By Dr Selwyn R. Cudjoe
February 18, 2020
Judith Reyes is my neighbor. Our parents lived in the same spot for over eighty years. Neighbors thought our mothers were sisters. Judith’s brother Giles and I live like brothers. We have never quarreled with each other.
Every morning when I am in Trinidad Judith sends me a cup of porridge with prunes in it. She makes it clear that she is not doing that for me. Rather, she is doing this for my mother who she reminds me was my protector. She says: “Yo’ know how much candles yo’ mother light for you at Mt. St. Benedict?”
Judith has taken my mother’s place. She is my protector and my chief look-outa.
Judith is also a devotee of talk radio. When callers castigated me for saying that Sat reminded me of Martin Luther King, she sighed: “O Gord Reggie [that’s my home name] dey licking yo up on the radio. Whey dey have with you so?”
It was Judith who told me about Makeda Darius’s calypso “Not Martin” that referenced my remarks on Sat. Before I knew it, I had received several recordings of the calypso from friends and foes alike. Anthony, my good friend and family, cooed: “Classic kaiso style…. Nice music, Nice tune.”
Lystra, a family friend and devoted listener to WACK, is one of the most informed persons on T&T politics. Our families go back to the beginning of the twentieth century. On WACK radio she is known as “Lystra from Queens.” I asked her to send me her response to the kaiso.
She wrote: “Darius represents the feelings of most people of African ancestry [in Trinidad]. I thought it was well written in that she recounts a lot of areas for which Sat could be applauded but she also shows the differences between the two men.”
I listened to the calypso many times to get its full impact before I made a judgment. The calypso is superbly written and exquisitely rendered. I tapped my feet rhythmically as I listened to it. It reminded me how important well-thought out and well-rendered calypsoes are to the intellectual health of our society.
Her rendition of the calypso written by Christopher Grant also demonstrated the wisdom of our folk-singers and the heightened sophistication of their analyses. In this case there is little distinction between the adeptness of professors (we can call them traditional intellectuals) and what Antonio Gramsi called organic intellectuals, who are in closer touch with their people’s feelings than traditional intellectuals.
Darius can be described as an organic intellectual. She made it known that “While I know is true/whatever you do/ Yo cannot talk bad in a man funeral/ But to stretch the truth/ While sober to boot/ Is wild and reckless, almost criminal.”
That was a heavy lash. She knows what protocol (or human decency) demands. You say good things about the dead but you really can’t overdo it. It borders on intellectual cheating or overreacting to the point which can lead to insincerity.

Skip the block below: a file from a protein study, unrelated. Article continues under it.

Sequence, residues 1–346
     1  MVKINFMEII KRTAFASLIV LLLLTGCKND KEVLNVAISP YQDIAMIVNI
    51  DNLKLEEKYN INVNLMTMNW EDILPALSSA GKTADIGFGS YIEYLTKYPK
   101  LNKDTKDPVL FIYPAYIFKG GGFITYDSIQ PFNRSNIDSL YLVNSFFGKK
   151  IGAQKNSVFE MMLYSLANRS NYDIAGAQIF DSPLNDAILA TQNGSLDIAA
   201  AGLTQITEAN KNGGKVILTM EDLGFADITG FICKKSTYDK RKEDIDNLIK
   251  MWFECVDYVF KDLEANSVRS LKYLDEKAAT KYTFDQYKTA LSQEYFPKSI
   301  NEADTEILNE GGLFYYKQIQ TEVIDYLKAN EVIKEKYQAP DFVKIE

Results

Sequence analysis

Darius’s intellectual sophistication here is impeccable. Her analysis reminded me of the subtle judgment that Bishop Charles Telleyrand rendered when Bonaparte ordered the murder of the Duke d’ Enghien. He said of Bonaparte’s command: “It was worse than a crime; it was a blunder.” Darius seemed to be saying that my judgment with regards to Sat was more than reckless; it was criminal.
I may not agree with her criticism but it reveals the wisdom of our bards and our ordinary people. They may not use big words but they possess a profound understanding of a situation which gets to a deeper truth of a situation sometimes.
The beautiful thing about this calypso is not so much that it tried to put down Sat as it attempts to critique my reasoning and judgment. She calls out Sat’s indiscretions and compliments some of his actions, but she says you can’t compare the two statespersons, although I am not sure that Darius would call Sat a statesperson.
She says: “A most sensitive man/ O yes was Sat./ Protector of things Indian/You can’t vex with dat./ But where Martin had a dream/To raise up self-esteem/Any time Sat Maharaj talk/was to make a fight.” She goes on to say that King’s legacy is “world peace” whereas Sat was “the protector of the Indians.”
Yet there is a disabling duality in her work, especially when she argues: “A most famous victory/he challenge bravely/ And he overturned the Trinity Cross/ Saying it was Christian,/ Insulting Indians, Especially Hindu religion of course.”
She ends that verse by saying that when the Privy Court ruled in Sat’s favor “we wave goodbye” to the Trinity Cross.
The only question is this: Who is the “we” to whom she refers, the blacks or the Indians?
Well-done calypsoes are important ingredients to fostering the intellectual and social health of our society. At their best, our calypsonians give voice to the innermost feelings of our people. They capture important dimensions of our social and cultural being and this is what I think Darius is doing in her wondrous life-affirming calypso “Not Martin.”
When Darius’s calypso hit the stage, my first cousin queried: “Why yo’ like to put yo’ self in people mouth so?” I immediately thought of a character in Chinua Achebe’s Things Fall Apart who was asked about Okonkwo’s behavior. Okonkwo was the major protagonist in the novel. She replied: “I cannot yet find a mouth with which to tell the story.”
I hope my pen has been able to say how grateful I am for Darius’s masterful work “Not Martin.” She may have a winning song for the calypso crown.